“The Art of Ascension”: CODA

Story by Juliana Kampf
Photos by Rickey Portis and courtesy of Aaron Johnson

From a young age, Central Michigan University senior Aaron Johnson’s soul and passions have been deeply ingrained in music. He attributes that passion for music to his mother, Darlynn Johnson.

Darlynn, who is a professional gospel singer, and his father who works for General Motors, raised him along with his six other siblings.

Aaron Johnson stands to the left with blue earmuffs.

They moved around a lot throughout his life, but everywhere he and his family went they always attended non-denominational churches. Johnson and all of his siblings participated in the church choirs and music while their mother participated in the praise teams.

At age four he began playing the drums. At nine years old Johnson was playing the drums in his band until he was 12. Since then, he’s performed as a drummer in front of crowds as large as a few thousand people.

When he was a senior in high school Johnson was a part of a student rap group called “Christians in Paris.” But he soon realized that going out on his own was the right way to go for his music career.

“I realized they weren’t all as serious about it as I was and so I kind of thought to myself, ‘I wonder why they aren’t taking this seriously?’ I just realized that it wasn’t just for fun to me…” Johnson said.

From that moment Johnson has been writing, rapping, and producing his music on his own. His sophomore year at Central Michigan University was when he really began seriously pursuing the rap scene, and at the same time Johnson had begun teaching himself how to play the piano as well. He decided against having outside help for his rap career due to finances and personal creative reward.

“I decided I’d rather spend money on myself than conform to a label right out of the gate and risk giving away the rights to my music,” Johnson said.

Losing the rights to music and creative freedom is a serious worry for many artists today. Binding contracts with record labels signed in order to get their music heard by larger audiences can sometimes cost more than just regular currency.

But on March 17, 2017 Johnson released his first full-length album, “Break Strain” as CODA, his artist pseudonym—without the help of a record label.

Johnson based his pseudonym CODA on the common symbol found in classical art song sheet music.

“[Coda] essentially means ‘the end of the piece is coming up.’ My desire is to put an end to the commercial nature of things that are societally stagnant or things that keep people from progressing and growing themselves. So since I desire to put an end to certain things, it seemed fitting for my name to be CODA with the slogan, ‘this is where it ends,’” Johnson said.

He even uses that same ideal as the title of the last song in his first album.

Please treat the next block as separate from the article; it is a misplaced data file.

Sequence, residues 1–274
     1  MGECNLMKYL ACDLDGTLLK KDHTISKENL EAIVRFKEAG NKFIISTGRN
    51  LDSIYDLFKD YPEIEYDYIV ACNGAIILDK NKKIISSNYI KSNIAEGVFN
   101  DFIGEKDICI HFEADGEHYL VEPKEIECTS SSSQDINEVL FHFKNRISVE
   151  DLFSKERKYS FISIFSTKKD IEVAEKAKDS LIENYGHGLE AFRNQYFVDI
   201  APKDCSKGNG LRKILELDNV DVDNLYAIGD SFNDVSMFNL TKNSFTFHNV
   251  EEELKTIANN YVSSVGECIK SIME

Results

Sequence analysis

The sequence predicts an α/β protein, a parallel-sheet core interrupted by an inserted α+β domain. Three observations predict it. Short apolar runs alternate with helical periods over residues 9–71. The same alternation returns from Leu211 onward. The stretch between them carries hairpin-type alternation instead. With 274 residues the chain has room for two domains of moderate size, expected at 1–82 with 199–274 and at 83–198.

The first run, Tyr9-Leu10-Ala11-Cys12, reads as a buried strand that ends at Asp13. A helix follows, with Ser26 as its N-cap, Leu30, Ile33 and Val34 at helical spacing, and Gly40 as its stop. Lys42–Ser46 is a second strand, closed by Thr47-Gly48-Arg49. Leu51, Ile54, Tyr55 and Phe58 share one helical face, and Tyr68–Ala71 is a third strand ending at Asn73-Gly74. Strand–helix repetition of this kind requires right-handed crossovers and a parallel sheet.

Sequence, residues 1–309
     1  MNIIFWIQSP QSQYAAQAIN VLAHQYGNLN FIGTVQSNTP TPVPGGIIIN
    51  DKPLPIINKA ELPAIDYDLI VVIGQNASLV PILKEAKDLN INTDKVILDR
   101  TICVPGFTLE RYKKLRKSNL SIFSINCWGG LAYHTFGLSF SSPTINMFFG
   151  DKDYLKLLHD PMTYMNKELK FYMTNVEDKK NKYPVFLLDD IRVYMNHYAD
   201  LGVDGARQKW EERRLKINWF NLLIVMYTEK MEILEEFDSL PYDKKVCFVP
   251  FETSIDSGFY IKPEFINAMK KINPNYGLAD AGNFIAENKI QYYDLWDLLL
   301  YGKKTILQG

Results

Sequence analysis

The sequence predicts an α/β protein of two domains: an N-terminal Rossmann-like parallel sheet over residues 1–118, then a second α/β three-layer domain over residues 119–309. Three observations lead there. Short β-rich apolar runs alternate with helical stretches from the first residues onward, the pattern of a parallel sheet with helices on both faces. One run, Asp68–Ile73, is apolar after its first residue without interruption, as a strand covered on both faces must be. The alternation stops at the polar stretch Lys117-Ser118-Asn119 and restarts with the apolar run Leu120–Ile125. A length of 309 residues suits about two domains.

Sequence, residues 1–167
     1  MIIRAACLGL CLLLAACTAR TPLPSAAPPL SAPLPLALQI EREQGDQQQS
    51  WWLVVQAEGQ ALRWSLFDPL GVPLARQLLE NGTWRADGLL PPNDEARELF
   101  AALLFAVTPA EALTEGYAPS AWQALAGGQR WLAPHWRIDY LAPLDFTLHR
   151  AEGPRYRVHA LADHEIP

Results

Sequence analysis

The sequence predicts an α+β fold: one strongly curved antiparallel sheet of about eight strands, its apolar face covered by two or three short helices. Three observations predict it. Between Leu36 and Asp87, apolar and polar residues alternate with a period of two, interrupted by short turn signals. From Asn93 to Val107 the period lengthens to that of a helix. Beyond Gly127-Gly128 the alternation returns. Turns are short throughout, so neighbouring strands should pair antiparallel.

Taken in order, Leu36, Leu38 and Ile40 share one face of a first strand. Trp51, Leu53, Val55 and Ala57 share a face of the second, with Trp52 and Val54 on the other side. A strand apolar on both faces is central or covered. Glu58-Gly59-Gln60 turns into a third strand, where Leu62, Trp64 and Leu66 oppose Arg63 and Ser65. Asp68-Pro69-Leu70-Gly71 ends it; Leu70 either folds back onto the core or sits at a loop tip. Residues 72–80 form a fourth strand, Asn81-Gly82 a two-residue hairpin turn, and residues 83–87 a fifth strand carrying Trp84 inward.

The album is set up as an epic tale portrayed through the use of motivational samples, dramatic soundtracks, and conscious hip hop/rap lyrics. All of it is produced and performed to awakening perfection.

“Break Strain” was recorded on CMU’s campus in the Moore Media Records recording studio, but now Johnson records at studios in Southfield or in his room.

Stylistically, Johnson views his music and message being similar to that of artists like American rapper Kendrick Lamar, Lecrae and Lupe Fiasco.

While many will attribute their inspirations to other artists, Johnson finds inspiration within himself and his own creativity.

When Johnson graduates from CMU this spring with a degree in Music and Entrepreneurship, he’ll be moving to Southfield, Michigan to start his full-time job as the Worship Director for Highland Park Baptist Church’s youth program. He’ll also be continuing to pursue his personal career as a rapper.

“Essentially the worship leader gig is a five-day-a-week job that involves me chillin’ in my office some of those days and being available and running rehearsals once or twice a week plus Sunday service. I kind of plan to use my nights to work on my personal music and production and what not so I can keep them separate, but growing at a healthy rate as well,” Johnson said.

Johnson is most excited to have the chance to be leading and teaching high school students.

As a Christian, Johnson enjoys Highland Park Baptist Church’s non-denominational environment because that’s the type of church his family has always gravitated toward.

Despite his background and roots in gospel music, he doesn’t really listen to it that much. But at this year’s fashion show put on by the Organization for Black Unity Johnson gave the final performance for the event with the help of powerful vocals provided by the CMU gospel choir called Christ Central Choir, “C3,” in front of hundreds of people. It was one of his biggest crowds as a rapper so far.

Utilizing the choir for his performance was an idea that he had been thinking about since he began writing the song. He wanted the song to have a soulful feel to it.

“I would say that her [his mother’s] influence is probably the reason I was more inclined towards that style, but as I grow older I see the impact it has on people and I like that more than commercial rap,” Johnson said.

Johnson sang an original song called “LeveL,” from the album he’s working on currently. While this next album isn’t set to release until this summer, we already know it’s the first installment of a mix tape series.

“I can’t reveal the name of the project just yet, but I can say that it will be a 10-track project with all high energy summertime bangers to vibe to. It’s a much more personal look into my mind as an artist and human being trying to make sense of different situations I live through and putting them to music!”

Johnson’s mother is proud of his rapping career.

“She always says she loves my music… I kind of got the passion from her,” Johnson said.